During the eight years I spent as a front-line psychologist working with a panel of hundreds of veterans, I never lost a patient to suicide, until Dustin (not his real name).
Dustin died by suicide six months after I had moved on from my position at the VA. Broad-shouldered, heavily muscled, and covered with tattoos of the grim reaper, he scared a lot of providers. He radiated anxious energy and had difficulty controlling his rage when his anxiety spiked, which happened with minimal provocation.
Despite his intimidating appearance, like many of the veterans on my caseload, Dustin had been bullied in his early life. It is no coincidence that individuals who have been bullied as children are often drawn to military service.
For many who enlist in the military, the promise of becoming a professional-grade fighter is an alluring defense against hidden feelings of vulnerability. Many have explained to me that the military also offered the promise of an environment with predictability and clear rules and expectations. In other words, they are seeking safety in the structure and shared ethos of warriorship.
When a service member with a history of bullying or childhood abuse lands within a healthy chain of command, the military can be an ideal place to chart a new, more self-empowered path in life. However, in the presence of toxic leadership, where they encounter bullying, hazing, or sexual abuse, this further trauma can lead to profound psychological damage. They were seeking safety and, like Dustin, they learned that there seems to be no safe place.
Unfortunately, we see it all the time—a leader who abuses his or her power. And of course, this behavior is not confined to the military: Abuses of power are frequently reported among leaders, politicians, and other authority figures within every sector of the population.
In my observation, veterans who are subjected to personally directed abuses of power rarely tell anyone about this. Shame makes these kinds of injuries more invisible, and more insidious, than other “invisible” injuries we associate with military service—for example, combat trauma exposures.
These patients suffer immensely, often with no support from behavioral health providers, who fail to build the level of trust that would lead to the disclosure of these experiences. It's likely the case that this is also true for many civilians who have been exposed to personally directed abuses of power.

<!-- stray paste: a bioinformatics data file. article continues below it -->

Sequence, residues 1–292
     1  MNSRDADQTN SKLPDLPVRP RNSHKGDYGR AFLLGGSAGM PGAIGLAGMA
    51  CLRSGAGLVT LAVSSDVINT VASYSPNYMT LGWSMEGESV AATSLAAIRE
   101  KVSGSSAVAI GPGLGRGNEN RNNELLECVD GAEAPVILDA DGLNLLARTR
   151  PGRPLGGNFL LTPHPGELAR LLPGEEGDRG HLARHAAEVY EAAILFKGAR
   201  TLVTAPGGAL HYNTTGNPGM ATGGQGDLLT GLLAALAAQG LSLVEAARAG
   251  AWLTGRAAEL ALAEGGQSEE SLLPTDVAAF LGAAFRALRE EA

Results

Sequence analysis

Even if these types of traumas are disclosed, they can still be very challenging to treat. Dustin, like others on my caseload who had suffered in similar ways, didn’t trust most people, wouldn’t go to group therapy, and declined multiple offers to engage in therapy that would require him to mentally re-live the traumas at the root of his anxiety. I talked him down from crisis situations on multiple occasions—he even wrote a letter to the Director of the VA System where I worked, which said this:
“My PTSD and substance abuse issues have nearly cost me my life on numerous occasions. Dr. Springer has been my Doctor for almost six years now. She has intervened on my behalf on numerous occasions to see that the best care was made available to me when it came to navigating through the mental health system. When I was in crisis, she always returned my calls and helped me avert what could have ended up in a very bad situation. I truly believe that if it were not for Dr. Springer, I would not be alive today.”
If stellate ganglion block (SGB) had been available at the time when I knew Dustin, it's possible that he might still be alive today. While he refused traditional talk therapy, he did engage in biomedical interventions. SGB is a quick injection administered to a nerve cluster in the neck, which shows real promise for individuals with traumatic stress exposures. (Here is a brief article and very short video clip by the Wall Street Journal that describes Stellate Ganglion Block.)
Dr. Eugene Lipov is the leading national expert on the use of SGB for symptoms related to trauma. After Lipov pioneered the use of SGB for trauma-related symptoms, it has been deployed for some time at select military bases—such as Ft. Bragg and Tripler Army Medical Center Hawaii. I was on the front lines during the deployment of this procedure within the VA Northern California Health Care System, a story which was covered in a televised program called Veterans Voices. In a follow-up episode, the hosts and I interviewed Dr. Lipov and Dr. Brian McLean, a physician who has provided SGB to scores of soldiers at Tripler Army Medical Center with positive outcomes.
I have stood next to several of my patients in the operating room while they have had a stellate ganglion block procedure. Within minutes of the injection, they have said things like: “I feel like myself again, for the first time in over 20 years,” or “it’s like having a thousand-pound weight lifted from my chest," or “I can’t remember the last time I actually felt calm and happy.” As a theme, in the months following this procedure, they say that SGB has given them “a second shot at a happy life.”
Although I became aware of stellate ganglion block through my work with veterans, SGB offers promise for giving people exposed to trauma—from all causes—a second shot at a happy life. It’s a new frontier of trauma treatment that could be game-changing for many who suffer, and for this reason, it is something that those of us in the mental health professions should become aware of.
Stella Center is a resource for learning more about this promising new approach.